Children’s hub performs lockdown lyrics

Staff and residents at one of North Yorkshire’s No Wrong Door hubs are honing their musical talents by writing and singing corona-themed songs during lockdown.

Song

North Yorkshire County Council’s children and young people’s hub in Stepney Road, Scarborough, has been creative in combatting any pandemic blues with the help of residential worker Jezz Pratt.

Jezz, an ex-police officer and member of the Rat Pack Band in Cloughton, has been writing and playing musical numbers and encouraging everyone to join in.

The lyrics of one of his numbers include:

Stepney Road, stay safe, stay home.
And wash your hands all day and night.
And if you sneeze catch it in your sleeve.
Two metres apart from anyone else.

Jezz, who has been with No Wrong Door for three years, is a self-taught guitarist.

Manager Cerena Butterworth said: “Jezz is amazing and it’s really helped lift spirits.”

Cerena added that staff and residents alike have been working hard to come up with innovative ways to get rid of the lockdown blues.

Cerena said: “On Easter Sunday we had an egg hunt, Jezz dressed up as the Easter bunny and walked around the streets, which the kids found amazing.

“We’ve got a young man called Joe Brown who lives with us doing a Skype-a-thon – every day he Skypes different people at North Yorkshire County Council and asked for a tour of their house – including Chief Executive Richard Flinton!

“We’ve had metal detectors all around our garden so it looks like we’ve got moles, we’ve been baking and we’ve been Zorbing.”

She added they have been keeping morale up with creative crafts like pottery and painting, activities in the garden and staff even bringing their dogs in.

Cerena said the most important thing is to keep residents feeling calm, safe and happy.

She said: “We are having great fun at Stepney Road Children’s Home because of the kindness and resilience of our staff, who are treating this time as business as usual.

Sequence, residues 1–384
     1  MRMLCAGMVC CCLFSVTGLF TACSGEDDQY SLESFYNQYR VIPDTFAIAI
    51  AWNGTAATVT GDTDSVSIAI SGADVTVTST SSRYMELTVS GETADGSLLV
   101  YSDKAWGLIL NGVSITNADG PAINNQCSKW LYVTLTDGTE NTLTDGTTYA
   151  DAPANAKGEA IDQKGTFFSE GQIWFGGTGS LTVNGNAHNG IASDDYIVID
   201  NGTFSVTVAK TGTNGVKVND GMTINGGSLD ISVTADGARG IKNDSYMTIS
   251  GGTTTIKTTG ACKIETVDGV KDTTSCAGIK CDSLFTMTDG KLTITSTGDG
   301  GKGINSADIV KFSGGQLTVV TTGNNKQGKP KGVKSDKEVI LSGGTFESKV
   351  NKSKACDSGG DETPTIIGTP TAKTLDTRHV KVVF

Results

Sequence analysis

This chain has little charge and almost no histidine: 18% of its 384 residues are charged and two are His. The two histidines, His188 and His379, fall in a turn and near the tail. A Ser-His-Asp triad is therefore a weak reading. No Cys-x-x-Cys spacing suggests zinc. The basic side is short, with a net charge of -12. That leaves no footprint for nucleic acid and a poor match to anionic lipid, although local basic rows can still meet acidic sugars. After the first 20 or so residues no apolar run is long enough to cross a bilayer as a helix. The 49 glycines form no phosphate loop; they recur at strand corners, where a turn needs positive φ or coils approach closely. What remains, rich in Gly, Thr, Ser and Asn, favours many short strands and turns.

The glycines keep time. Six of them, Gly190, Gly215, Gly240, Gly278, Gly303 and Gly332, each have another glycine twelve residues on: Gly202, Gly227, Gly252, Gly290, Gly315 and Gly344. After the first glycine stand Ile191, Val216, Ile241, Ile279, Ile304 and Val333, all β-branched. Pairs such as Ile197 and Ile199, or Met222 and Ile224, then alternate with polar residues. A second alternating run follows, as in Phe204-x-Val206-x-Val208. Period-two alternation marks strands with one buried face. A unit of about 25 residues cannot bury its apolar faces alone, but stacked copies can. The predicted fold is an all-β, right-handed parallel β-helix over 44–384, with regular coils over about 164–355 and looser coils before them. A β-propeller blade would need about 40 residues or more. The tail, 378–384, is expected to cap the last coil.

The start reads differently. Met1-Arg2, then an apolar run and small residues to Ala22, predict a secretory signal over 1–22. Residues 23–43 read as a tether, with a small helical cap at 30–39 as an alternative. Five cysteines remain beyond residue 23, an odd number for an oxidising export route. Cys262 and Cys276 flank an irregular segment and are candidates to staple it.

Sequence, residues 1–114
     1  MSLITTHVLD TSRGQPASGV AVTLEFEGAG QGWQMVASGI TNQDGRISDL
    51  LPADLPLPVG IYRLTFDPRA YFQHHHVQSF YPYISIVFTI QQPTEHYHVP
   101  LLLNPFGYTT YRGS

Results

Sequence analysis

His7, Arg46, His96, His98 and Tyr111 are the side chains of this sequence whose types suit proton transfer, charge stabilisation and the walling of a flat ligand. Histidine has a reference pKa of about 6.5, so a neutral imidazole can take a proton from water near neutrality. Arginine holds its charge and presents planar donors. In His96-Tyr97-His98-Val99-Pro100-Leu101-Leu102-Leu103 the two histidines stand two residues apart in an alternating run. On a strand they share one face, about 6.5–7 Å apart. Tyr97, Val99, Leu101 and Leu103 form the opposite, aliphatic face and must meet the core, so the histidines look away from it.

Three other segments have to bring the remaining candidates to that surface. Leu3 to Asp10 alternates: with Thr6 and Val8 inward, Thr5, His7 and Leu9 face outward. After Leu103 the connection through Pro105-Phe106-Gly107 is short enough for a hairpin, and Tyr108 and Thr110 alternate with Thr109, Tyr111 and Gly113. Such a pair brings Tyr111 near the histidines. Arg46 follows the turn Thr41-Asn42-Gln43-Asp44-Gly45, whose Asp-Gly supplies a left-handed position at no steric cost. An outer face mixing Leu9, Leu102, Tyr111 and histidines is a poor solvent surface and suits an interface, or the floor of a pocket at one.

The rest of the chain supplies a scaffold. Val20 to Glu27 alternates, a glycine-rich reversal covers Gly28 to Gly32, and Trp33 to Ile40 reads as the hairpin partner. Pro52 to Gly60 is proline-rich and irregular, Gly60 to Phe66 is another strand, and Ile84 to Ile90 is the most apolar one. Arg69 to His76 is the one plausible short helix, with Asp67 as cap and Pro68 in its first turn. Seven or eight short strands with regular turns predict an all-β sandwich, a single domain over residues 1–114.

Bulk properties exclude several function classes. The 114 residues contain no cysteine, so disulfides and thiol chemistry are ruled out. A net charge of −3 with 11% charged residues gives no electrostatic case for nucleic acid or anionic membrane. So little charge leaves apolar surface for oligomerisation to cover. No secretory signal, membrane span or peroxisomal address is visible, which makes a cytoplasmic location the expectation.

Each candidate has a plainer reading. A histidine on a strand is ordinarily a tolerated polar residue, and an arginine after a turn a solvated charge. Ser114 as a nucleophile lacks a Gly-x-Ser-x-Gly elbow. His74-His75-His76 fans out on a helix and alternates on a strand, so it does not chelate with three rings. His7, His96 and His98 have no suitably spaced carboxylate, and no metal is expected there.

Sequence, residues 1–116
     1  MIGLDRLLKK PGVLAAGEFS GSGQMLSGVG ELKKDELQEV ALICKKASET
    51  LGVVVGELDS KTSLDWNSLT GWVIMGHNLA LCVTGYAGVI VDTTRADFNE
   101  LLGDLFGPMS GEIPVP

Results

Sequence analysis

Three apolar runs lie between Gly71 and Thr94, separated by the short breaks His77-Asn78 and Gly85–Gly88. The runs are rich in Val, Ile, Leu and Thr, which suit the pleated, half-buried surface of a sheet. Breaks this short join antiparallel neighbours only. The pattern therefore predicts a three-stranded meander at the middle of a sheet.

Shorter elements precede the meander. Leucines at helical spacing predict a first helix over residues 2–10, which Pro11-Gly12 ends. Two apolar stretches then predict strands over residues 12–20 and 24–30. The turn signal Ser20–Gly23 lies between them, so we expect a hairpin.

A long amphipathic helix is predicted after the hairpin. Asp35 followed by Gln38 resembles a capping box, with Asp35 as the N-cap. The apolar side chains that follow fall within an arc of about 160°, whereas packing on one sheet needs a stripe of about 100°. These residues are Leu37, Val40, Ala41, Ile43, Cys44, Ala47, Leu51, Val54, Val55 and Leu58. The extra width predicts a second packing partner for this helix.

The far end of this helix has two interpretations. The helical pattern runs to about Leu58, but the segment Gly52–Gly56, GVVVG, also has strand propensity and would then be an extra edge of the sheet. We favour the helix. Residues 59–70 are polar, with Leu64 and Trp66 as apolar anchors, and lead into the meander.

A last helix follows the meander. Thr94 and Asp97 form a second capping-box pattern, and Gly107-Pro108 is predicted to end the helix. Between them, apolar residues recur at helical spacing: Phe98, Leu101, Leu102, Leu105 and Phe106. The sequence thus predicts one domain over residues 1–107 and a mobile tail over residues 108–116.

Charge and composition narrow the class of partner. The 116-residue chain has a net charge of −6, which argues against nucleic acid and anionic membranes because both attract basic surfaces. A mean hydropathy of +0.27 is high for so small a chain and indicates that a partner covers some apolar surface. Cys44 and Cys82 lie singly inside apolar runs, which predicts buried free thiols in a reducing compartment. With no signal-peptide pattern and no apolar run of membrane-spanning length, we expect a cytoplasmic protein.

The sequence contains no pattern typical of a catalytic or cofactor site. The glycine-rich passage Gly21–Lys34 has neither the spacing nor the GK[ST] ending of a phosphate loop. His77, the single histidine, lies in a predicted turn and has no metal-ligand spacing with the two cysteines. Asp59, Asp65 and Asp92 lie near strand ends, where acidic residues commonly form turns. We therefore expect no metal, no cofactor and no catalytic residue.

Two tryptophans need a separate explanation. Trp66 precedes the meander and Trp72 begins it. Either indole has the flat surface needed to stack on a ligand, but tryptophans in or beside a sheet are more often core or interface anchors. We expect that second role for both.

“We not only look after our residents but we are keeping contact with children who have left our service during lockdown. We are telephoning young people every day to check they are coping and we visit where we can.

“We have supported young people to hospital, to keep in contact with families over Skype, to maintain their education, and to support the emotional health and wellbeing of all our young people.

“Our team approach has seen our staff working with really complex cases out in the community, staff have worked over and above their normal hours, staff are keeping up their morale by creative crafts like pottery and painting, playing in the garden, bringing their dogs to work so the young people can take them out.”

Cllr Janet Sanderson, Executive Member for Children’s Services, said: “As a retired music teacher, I need no convincing of the power of music both in its ability to lighten our mood but also to reinforce an important message.

“In this case, that message is vital to keeping our young people safe and well and I am delighted to see them doing this in such a creative way.”

North Yorkshire’s No Wrong Door programme is a different way of providing support to young people who are in care or at the edge of the system.

Instead of traditional council-run young people’s homes, No Wrong Door has hubs which combine residential care with fostering.

The programme is now being rolled out nationally for its innovation and effectiveness as it has improved radically the life chances of some of the county’s most vulnerable and troubled young people, reducing the numbers ending up either homeless or in the criminal system.

Each hub also has a dedicated and embedded team with a life coach who is a clinical psychologist, a speech and communications therapist and a police intelligence role.

Each young person is given one key worker who sticks with them through thick and thin to access the right services at the right time and in the right place to meet their need. It’s a tough love approach for those who have had a lifetime of experiencing rejection and failure.

This story was published 20 May 2020